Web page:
HBO’s “Succession” Is The Best Series Out Now

Chloe Duncan-Wald, Managing Editor

Contains minor spoilers!

HBO’s newest triumph, Succession, has pierced today’s zeitgeist like a hot knife through butter (not to mention its eerily catchy theme). Released in October, Season 3 is nothing less than a masterpiece. This dramedy follows the Roy family, scrappy streetfighters with the power of gods.

Throughout Succession, each Roy has a corresponding “outsider” to abuse. Logan Roy, CEO of media empire Waystar Royco, sits at the top, exerting his power over his cunning and greedy children: Kendall, Roman, Con, and Shiv. The Roy children in turn lord over inferiors of their own—with the exception of Kendall, the damaged but ambitious underdog. Despite the Roys’ omnipotence and staggering wealth, they tend to underestimate their underling “outsiders”: the in-laws, cousins, and corporate aides who serve them. By the Season 3 finale, the outsiders begin to accumulate dangerous power amidst the Roys’ in-fighting chaos. Succession is more than rich people misbehaving. Its ingenuity lies in writing that brilliantly balances comedic timing, scathing banter, human relationships, and contemporary and historical references to craft the best series out right now.

Succession is more than rich people misbehaving.

Succession’s creator, Jesse Armstrong, and his writing room are well-read, to say the least. Shakespeare’s King Lear inspires Succession’s central plotline as Logan Roy’s looming death begs the question: which child will succeed his throne? Mix in Season 2’s guilt-ridden murder inspired by Dostoyevsky’s Crime and Punishment and Season 3’s Hamlet-esque finale, and Succession easily classifies as high art.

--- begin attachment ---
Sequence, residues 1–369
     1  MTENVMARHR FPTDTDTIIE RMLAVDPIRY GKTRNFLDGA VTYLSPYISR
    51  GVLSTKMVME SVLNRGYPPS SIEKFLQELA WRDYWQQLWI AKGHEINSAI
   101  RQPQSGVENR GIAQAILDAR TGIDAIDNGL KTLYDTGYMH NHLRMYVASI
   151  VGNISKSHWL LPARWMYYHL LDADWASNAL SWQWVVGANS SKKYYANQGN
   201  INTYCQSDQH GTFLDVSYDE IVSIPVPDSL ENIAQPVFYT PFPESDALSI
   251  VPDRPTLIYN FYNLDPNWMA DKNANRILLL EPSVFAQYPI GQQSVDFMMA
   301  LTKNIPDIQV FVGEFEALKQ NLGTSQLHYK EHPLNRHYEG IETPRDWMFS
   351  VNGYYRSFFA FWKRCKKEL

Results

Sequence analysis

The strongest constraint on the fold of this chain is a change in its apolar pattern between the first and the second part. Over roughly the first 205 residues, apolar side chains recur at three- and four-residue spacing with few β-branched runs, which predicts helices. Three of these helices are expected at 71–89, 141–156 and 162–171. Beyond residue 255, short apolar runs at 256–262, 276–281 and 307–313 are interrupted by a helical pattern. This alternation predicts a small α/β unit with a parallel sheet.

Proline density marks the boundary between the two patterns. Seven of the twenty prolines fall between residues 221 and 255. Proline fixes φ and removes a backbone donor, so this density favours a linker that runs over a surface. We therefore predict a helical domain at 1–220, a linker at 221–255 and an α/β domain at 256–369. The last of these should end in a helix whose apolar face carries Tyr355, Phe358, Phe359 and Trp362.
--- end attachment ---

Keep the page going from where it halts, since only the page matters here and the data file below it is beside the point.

Moreover, Succession reveals motivations and backstories sparingly and ingeniously through subtle camera work; its zooms and pans are reminiscent of The Office, emphasizing lines, glares, and perspective documentary-style. For instance, in Season 1, we see brief glimpses of Logan’s vulnerability, such as in a quick glimpse at his since-calcified scars from childhood abuse as he emerges from a pool, or his slowly changing demeanor as his mind deteriorates from dementia. 

The series’s pilot begins as business-savvy middle child Kendall is denied the role of CEO by Logan on Logan’s 80th birthday. Soon after, Logan suffers an unexpected aneurysm. Kendall makes it his (unsuccessful) mission to galvanize his siblings to help him usurp the CEO role he feels he deserves. This begins Kendall’s brutal pattern of failed plans that spark his self-destructive tendencies, addiction, and crusade against his father—and the family. 

… the intimate camera work, coupled with the heartbreakingly human tales of family tension and betrayal, make it easy to feel empathy for the Roys—even when we don’t want to.

Still, Succession does well to lull us into pity for Kendall and the other Roys, just to remind us of their insidiousness. In one episode, Logan blackmails the President after POTUS refuses to get Waystar Royco out of a Congressional hearing (Logan has his battalion of right-wing media outlets stir slanderous rumors about POTUS). In another episode, Kendall justifies his addiction, the abandonment of his family, and his self-destructive crusade for CEO by hiring an all-women legal team, just to fire them when they challenge his intellect. Even Shiv, the daughter, claims moral purity early into the series, avoiding the family business by managing liberal political campaigns; until she realizes she could become CEO—swiftly losing her moral high ground to join with conservative Waystar Royco.

Ultimately, while Succession’s characters are deplorable, the intimate camera work, coupled with the heartbreakingly human tales of family tension and betrayal, make it easy to feel empathy for the Roys—even when we don’t want to.